Study: Reading to Children Activates Child’s Brain


A new study says that parents reading to their children has major, meaningful, measurable impact on a child's brain.

NBC RightNow reports that Dr. John Hutton of Cincinnati Children's Hospital Medical Center monitored the brains of 19 preschoolers between the ages of 3 and 5, using an MRI. The observation was made as the children were listening to age-appropriate stories on headphones.

The kids' parents were interviewed about their interactions with their children, including the time they spent reading to their young ones. Although the study is not able to prove cause-and-effect, reading to kids at home on a regular basis was strongly linked to activation of certain areas of the brain involved in deriving meaning from language.

These areas are a crucial part of speaking and reading stated the study, which was presented last week at the Pediatric Academic Societies annual meeting in San Diego.

Also, there was particularly major activation in areas of the brain that support mental imagery. Visualization is important in understanding narratives and preparing children for reading by supporting them in the process of "seeing" the story.

"This becomes increasingly important as children advance from books with pictures to books without them, where they must imagine what is going on in the text," Hutton said in an American Academy of Pediatrics news release.

Experts have encouraged parents to read to their children from birth because it helped in promoting language development, but, before now, there had been no evidence that this could also have a direct effect on the brain.

"We are excited to show, for the first time, that reading exposure during the critical stage of development prior to kindergarten seems to have a meaningful, measurable impact on how a child's brain processes stories and may help predict reading success," Hutton said.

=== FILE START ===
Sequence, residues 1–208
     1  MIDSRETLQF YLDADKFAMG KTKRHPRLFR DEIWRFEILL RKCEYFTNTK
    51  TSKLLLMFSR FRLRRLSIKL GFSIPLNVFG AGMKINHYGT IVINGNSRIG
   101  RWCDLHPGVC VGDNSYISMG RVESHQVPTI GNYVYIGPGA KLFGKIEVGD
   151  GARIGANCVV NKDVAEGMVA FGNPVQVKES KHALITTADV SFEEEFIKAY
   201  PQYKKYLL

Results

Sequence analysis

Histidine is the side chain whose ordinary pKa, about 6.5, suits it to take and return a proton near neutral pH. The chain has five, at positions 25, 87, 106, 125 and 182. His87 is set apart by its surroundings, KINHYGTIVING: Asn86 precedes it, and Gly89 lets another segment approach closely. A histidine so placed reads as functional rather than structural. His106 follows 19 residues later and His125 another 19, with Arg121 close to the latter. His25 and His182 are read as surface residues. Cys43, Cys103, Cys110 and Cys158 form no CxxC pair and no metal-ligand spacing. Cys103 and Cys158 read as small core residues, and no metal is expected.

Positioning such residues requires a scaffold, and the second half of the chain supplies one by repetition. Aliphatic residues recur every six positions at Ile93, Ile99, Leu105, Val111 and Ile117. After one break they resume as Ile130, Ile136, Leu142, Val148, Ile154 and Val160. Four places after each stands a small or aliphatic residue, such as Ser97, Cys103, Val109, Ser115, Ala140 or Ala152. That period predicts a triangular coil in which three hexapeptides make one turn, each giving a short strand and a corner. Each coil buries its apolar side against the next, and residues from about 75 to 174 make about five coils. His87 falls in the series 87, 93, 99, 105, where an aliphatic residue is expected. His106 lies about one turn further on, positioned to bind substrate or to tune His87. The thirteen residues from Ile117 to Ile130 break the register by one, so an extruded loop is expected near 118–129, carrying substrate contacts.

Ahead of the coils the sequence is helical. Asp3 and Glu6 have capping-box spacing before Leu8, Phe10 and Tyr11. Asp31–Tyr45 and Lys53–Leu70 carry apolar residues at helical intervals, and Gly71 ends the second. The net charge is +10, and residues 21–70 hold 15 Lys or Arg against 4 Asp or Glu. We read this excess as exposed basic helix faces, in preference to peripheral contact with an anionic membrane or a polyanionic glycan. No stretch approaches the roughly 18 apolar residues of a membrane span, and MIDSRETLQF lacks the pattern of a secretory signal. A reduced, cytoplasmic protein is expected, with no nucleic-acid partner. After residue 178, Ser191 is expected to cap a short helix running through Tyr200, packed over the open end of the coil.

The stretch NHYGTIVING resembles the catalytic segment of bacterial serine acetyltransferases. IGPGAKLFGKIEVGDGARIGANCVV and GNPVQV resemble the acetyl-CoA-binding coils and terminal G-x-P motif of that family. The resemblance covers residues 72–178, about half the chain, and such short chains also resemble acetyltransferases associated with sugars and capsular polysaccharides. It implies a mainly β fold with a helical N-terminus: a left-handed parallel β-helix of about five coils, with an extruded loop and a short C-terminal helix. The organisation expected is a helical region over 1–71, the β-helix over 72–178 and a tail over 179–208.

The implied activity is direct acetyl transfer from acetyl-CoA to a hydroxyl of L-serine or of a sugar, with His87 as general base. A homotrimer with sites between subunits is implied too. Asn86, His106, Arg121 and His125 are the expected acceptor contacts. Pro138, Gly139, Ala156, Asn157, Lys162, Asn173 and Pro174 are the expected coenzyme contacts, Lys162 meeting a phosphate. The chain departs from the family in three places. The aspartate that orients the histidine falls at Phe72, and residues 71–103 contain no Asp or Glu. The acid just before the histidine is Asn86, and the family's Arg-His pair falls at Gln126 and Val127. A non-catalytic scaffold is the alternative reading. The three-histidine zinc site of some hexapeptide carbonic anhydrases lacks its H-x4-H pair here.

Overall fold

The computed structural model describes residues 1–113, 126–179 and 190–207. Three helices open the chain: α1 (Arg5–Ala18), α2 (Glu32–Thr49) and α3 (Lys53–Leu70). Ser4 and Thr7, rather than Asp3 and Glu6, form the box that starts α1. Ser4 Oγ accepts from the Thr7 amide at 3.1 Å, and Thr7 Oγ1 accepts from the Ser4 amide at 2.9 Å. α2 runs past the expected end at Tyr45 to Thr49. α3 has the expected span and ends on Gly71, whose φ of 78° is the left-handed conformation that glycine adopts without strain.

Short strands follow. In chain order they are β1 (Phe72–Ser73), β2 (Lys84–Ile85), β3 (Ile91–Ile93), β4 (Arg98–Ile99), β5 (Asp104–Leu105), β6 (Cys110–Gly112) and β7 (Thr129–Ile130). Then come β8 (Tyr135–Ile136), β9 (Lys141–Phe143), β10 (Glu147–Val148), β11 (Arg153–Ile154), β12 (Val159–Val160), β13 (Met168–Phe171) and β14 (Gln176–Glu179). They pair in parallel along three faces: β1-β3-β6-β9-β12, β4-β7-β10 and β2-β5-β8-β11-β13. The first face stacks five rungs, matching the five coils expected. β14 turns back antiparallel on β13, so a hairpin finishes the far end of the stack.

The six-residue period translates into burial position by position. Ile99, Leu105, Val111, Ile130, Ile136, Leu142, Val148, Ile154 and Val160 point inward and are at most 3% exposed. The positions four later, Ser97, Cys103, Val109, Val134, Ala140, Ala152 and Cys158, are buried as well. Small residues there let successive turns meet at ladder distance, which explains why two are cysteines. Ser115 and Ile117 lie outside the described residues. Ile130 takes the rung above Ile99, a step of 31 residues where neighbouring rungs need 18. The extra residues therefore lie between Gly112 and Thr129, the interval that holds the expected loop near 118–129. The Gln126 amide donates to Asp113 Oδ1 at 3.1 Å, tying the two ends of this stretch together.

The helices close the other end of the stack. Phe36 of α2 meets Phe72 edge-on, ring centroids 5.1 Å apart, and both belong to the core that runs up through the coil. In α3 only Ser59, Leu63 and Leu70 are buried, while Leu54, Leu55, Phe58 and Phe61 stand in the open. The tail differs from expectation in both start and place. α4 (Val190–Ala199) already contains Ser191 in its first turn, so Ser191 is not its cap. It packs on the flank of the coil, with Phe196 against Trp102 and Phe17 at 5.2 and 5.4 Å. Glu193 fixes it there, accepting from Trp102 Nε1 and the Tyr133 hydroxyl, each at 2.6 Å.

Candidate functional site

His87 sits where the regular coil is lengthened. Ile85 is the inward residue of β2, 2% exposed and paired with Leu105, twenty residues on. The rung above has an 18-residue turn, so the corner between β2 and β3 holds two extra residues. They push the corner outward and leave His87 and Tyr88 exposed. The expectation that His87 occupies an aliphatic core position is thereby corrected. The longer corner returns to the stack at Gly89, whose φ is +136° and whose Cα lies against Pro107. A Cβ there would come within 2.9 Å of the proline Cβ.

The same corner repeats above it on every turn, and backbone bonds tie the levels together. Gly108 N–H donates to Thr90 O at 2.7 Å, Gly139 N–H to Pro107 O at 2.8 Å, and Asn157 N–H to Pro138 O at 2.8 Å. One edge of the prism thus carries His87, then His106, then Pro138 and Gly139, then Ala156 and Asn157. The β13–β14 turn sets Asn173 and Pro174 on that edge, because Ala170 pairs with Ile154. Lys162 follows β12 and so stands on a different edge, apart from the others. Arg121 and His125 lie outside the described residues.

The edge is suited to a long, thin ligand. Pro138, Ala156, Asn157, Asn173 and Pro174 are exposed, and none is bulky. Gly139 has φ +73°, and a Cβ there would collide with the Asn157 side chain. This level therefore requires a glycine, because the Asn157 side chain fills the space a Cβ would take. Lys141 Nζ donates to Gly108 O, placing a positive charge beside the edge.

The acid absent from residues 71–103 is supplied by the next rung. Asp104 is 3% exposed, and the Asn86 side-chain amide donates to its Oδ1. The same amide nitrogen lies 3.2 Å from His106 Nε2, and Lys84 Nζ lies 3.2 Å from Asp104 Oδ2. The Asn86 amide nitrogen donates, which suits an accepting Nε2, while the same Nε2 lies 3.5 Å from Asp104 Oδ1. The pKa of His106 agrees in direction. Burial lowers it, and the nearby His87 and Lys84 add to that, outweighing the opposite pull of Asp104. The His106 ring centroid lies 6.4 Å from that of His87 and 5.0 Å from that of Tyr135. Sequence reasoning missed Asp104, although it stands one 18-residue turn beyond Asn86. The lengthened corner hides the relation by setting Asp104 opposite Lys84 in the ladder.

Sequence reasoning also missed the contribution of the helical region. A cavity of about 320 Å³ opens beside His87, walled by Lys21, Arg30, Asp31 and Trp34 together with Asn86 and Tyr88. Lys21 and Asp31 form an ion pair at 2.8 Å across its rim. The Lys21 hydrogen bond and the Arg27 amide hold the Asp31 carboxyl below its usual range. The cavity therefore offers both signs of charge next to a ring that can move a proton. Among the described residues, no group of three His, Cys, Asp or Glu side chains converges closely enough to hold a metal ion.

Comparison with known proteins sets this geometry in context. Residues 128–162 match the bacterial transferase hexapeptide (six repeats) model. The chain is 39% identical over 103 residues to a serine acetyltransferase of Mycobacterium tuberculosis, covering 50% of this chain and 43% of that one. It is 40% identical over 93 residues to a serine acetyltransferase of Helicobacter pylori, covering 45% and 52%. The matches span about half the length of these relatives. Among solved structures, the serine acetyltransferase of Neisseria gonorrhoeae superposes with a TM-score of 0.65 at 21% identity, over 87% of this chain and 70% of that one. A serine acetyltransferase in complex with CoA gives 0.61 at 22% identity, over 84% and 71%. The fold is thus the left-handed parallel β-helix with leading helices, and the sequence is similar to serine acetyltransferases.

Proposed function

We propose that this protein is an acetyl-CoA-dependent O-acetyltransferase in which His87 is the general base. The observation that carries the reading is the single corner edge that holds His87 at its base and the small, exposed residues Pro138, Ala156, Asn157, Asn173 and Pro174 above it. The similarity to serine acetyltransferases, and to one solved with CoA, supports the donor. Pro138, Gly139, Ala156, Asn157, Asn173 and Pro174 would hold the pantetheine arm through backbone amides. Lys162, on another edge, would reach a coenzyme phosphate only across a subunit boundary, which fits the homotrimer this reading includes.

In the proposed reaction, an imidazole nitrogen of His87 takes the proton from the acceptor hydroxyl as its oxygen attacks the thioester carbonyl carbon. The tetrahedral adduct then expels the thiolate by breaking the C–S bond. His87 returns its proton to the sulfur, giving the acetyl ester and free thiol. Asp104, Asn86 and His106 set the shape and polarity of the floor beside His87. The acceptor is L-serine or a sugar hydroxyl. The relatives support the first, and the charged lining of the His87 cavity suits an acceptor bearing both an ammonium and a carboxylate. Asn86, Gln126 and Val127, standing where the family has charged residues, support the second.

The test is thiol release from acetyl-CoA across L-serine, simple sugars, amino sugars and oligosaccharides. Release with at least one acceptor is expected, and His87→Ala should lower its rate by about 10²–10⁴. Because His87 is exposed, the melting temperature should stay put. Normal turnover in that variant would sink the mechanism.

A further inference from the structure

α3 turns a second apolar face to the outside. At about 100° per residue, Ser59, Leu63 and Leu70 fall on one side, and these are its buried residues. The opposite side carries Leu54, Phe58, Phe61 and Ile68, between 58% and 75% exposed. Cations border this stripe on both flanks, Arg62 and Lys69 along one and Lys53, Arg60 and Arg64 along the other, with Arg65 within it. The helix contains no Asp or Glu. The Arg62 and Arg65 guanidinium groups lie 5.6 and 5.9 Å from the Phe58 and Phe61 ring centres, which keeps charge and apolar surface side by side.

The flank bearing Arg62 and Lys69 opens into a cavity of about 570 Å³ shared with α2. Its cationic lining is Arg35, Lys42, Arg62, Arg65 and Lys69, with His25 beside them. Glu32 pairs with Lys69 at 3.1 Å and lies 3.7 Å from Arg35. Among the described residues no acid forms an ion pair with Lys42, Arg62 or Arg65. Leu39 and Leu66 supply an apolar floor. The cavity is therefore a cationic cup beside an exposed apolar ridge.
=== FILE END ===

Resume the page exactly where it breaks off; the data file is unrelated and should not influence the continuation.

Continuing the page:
This is the first time that direct evidence of reading's effects on the brain have been measured. Other information included in the parent interview part of the study were: the child's access to books; frequency of reading and book variety; and the teaching of specific skills such as counting or shapes, writes Colleen Cappon of Fox News. Of the participants, 37% were from low-income families.

"Areas of strongest correlation with home reading environment were exclusively in the left hemisphere, known to support language. Specifically, in a posterior region referred to as the parietal-temporal-occipital (PTO) multi-modal association cortex," Dr. John Hutton told

More work needs to be done, says Hutton, but he has high hopes that further research will allow for early detection of children at risk for reading problems. He adds that his continued research will help discover the different aspects of reading environments, at risk populations and interventions, and eventually "a longitudinal study of key contributors to brain networks supporting literacy from birth through kindergarten."

Reuters' Kathyrn Doyle says that Hutton explained that most studies have included older children who could have already been struggling with their reading. He added that the MRI can detect changes in the flow of oxygen-rich blood in the brain, which allows for an indirect access to brain activity. The more activation seen by the researchers was directly linked to the amount of reported reading by caregivers.

"This was mostly attributed to semantics, understanding what's being heard or read," Hutton told Reuters Health by phone.

Hutton stated that this finding should "reinforce the value of imagination."


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